I recently had a minor accident which left me spending a number of days at home. Fortunately it was nothing serious, but still my mobility was restricted as I could not sit, stand or move around too much for a few days. I had to give up on my daily fitness routine, cancel my group fitness classes, postpone a number of in-person appointments… and be on sick leave for the first time in my life. I had no idea how I was supposed to spend even a day of inactivity. Now, a week later, I can say that it had been a surprisingly positive learning experience. And here’s why:
– It made me realize (once again) how mobile has been transforming our lives.
We keep on hearing and talking about mobile and how it’s changing our everyday lives. I have spoken myself about the power of mobile technology quite a few times, but I had never felt it more than I did this week. In the days after my accident my mobile devices made all the difference. I was able to talk, work, present, write, read, share, comment, watch videos… without leaving my bed. I was doing that before when I was on the go, but not even having the option to use desktop brought a whole new dimension to it. It has been an eye-opening experience of how technology enables us to do more and truly changes lives. Speaking of change, it was exactly this week (after months of waiting) that I received my Fairphone (a smartphone endeavor putting social values first and trying to change the way smartphones are made – if you haven’t heard of it, I encourage you to read the story). What a coincidende, uh?
– It showed me (once again) that it’s all about people and purpose.
This one sounds very trivial, I know. Nonetheless, I believe it’s always worth pointing it out. The people I am surrounded with and the sense of purpose have been the two main sources of motivation and inspiration for me, even more so in the last days. While technology is a great enabler, it is really the people and our purpose that move and inspire us to action.
– It made me take time for other activities.
I couldn’t exercise for a few days. I couldn’t teach my group fitness classes. I couldn’t commute to work. Yes, all of this was unpleasant, but it also left me with a whole lot of time. A sudden surplus of time was somewhat scary so initially I struggled figuring out what I could possibly do with it. Then, it just happened naturally… I focused on my nutrition, spent more time reading, talking with my family and friends, thinking about what matters to me. Now, feeling almost fine and about to go back to my usual schedule, I am determined to make more time for exactly this.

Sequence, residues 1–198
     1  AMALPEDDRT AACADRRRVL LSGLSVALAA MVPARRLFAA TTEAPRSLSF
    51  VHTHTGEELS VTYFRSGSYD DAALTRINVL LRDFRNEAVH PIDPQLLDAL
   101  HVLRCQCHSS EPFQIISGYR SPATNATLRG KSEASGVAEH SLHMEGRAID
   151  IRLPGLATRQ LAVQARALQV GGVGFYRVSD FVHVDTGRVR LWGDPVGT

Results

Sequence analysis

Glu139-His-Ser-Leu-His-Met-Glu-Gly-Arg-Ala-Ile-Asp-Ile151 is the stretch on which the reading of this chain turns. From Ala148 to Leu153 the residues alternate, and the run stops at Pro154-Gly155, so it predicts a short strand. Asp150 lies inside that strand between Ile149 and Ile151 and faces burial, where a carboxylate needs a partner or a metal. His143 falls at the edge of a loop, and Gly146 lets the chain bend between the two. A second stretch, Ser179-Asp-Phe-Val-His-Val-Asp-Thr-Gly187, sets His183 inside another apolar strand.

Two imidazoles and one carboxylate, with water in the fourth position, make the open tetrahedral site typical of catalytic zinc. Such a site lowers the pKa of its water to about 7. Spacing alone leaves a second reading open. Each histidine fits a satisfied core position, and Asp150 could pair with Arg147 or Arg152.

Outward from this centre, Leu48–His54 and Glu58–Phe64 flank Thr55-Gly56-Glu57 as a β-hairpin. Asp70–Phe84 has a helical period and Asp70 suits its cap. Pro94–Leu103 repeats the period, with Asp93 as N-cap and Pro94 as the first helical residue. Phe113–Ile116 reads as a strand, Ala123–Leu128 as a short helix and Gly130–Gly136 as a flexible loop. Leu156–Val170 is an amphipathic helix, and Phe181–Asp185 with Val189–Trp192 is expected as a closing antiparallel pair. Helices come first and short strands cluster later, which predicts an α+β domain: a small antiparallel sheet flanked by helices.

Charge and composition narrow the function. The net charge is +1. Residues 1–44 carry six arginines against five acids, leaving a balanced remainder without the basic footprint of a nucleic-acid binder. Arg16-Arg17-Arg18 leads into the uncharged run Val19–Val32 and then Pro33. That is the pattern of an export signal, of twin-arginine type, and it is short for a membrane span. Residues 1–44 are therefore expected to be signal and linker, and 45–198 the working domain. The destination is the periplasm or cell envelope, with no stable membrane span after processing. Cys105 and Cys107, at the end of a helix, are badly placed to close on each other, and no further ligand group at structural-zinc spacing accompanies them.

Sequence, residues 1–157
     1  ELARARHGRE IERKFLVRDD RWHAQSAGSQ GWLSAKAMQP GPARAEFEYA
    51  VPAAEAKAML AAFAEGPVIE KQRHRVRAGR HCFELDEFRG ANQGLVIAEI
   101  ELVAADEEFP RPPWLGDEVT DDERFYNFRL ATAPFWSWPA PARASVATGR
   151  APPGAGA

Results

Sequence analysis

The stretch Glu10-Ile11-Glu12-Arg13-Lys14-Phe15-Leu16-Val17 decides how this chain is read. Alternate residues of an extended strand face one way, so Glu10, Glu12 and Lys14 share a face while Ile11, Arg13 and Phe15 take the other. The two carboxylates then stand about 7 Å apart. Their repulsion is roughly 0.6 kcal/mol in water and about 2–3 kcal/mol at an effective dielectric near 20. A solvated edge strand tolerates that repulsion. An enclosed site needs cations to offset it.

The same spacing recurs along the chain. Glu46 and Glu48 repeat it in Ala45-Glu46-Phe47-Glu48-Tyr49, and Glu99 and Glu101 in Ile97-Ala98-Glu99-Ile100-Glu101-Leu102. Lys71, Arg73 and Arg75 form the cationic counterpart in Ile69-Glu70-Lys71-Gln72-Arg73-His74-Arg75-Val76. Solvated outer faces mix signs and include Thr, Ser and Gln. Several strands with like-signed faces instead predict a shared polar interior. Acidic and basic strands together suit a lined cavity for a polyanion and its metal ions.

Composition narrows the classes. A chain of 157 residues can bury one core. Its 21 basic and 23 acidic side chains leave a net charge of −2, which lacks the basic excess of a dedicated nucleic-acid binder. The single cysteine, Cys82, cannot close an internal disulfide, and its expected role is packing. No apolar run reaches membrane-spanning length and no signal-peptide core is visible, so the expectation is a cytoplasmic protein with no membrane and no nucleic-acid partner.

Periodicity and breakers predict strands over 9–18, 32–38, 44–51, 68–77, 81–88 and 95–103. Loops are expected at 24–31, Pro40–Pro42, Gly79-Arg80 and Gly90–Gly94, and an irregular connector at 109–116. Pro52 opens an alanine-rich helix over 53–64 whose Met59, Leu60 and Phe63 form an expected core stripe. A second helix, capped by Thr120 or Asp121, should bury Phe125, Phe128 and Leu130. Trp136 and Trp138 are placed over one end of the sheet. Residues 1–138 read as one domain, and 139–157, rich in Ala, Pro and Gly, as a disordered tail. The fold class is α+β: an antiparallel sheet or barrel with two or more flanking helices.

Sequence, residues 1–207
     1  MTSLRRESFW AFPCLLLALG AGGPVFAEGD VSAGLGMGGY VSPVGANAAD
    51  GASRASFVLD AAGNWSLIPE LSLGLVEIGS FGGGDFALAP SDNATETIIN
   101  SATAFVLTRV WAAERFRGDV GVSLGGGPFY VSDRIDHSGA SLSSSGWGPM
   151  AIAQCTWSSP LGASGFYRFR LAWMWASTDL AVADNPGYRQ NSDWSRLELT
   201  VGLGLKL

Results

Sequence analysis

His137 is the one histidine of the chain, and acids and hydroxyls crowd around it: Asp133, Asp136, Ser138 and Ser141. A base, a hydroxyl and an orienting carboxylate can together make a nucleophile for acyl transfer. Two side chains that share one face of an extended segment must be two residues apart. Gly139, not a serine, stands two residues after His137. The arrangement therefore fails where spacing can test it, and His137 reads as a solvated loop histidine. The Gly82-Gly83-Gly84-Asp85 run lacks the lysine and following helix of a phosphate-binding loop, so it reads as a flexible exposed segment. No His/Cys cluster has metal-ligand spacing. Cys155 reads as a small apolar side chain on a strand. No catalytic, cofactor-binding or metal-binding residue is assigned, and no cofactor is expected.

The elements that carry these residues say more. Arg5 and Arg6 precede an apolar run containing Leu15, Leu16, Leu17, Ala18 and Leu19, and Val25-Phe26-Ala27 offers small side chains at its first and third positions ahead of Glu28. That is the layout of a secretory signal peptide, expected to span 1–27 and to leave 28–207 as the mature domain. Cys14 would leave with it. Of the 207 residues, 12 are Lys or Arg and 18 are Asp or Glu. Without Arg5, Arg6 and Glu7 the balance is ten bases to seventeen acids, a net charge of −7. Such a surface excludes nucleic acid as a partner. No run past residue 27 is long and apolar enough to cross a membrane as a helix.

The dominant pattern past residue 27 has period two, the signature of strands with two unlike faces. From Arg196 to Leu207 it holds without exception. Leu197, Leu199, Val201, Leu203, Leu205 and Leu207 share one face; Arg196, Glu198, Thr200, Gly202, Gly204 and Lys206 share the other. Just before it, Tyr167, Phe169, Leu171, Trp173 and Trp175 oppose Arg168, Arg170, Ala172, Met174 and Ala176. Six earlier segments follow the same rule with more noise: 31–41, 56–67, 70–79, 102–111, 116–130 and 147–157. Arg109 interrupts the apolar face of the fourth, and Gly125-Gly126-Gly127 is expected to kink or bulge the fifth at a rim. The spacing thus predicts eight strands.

While the cause for my inactivity was disstressing, this week has taught me more than I could have imagined.
What was your last eye-opening experience?
Surrounded by tons of pieces of content around handling New Year’s resolutions, I was reminded of my first New Year’s eve party after moving to Germany. It was more than 11 years ago and I still vividly remember one particular scene: a fellow student asking me what my New Year’s resolutions were. It seemed something natural to her which would keep the small talk going, but I was baffled. I had never been asked this question before (let alone at a student party). I found it difficult to respond not because I didn’t have any plans or didn’t know what I would like to achieve in the following year, but because I couldn’t figure out how this could be a topic of such a conversation started by someone I hardly knew at all…
Looking back at this short story, I realize once again what a crucial role culture plays in shaping our behavior. Even when it comes to something as (in)significant as New Year’s resolutions. By the way, the word used in Bulgaria is ‘promises’… and New Year’s promises as I experienced them there were nothing more than illusory statements quickly forgotten and easily re-vamped twelve months later. While the latest seems a rather universal attribute of New Year’s resolutions around the world, I found out that in some countries the process of creating and talking about them is taken more seriously.
What has your experience with New Year’s resolutions been? Did your attitude towards them change after immersing yourself in another culture?
P.S. One of the reasons I dislike talking about New Year’s resolutions is that I consider building habits more important than an exercise of putting together a set of ‘promises’ every twelve months. I couldn’t express that better than Les Hayman, so I highly recommend his post “Build Rituals Rather Than Set Personal Goals”.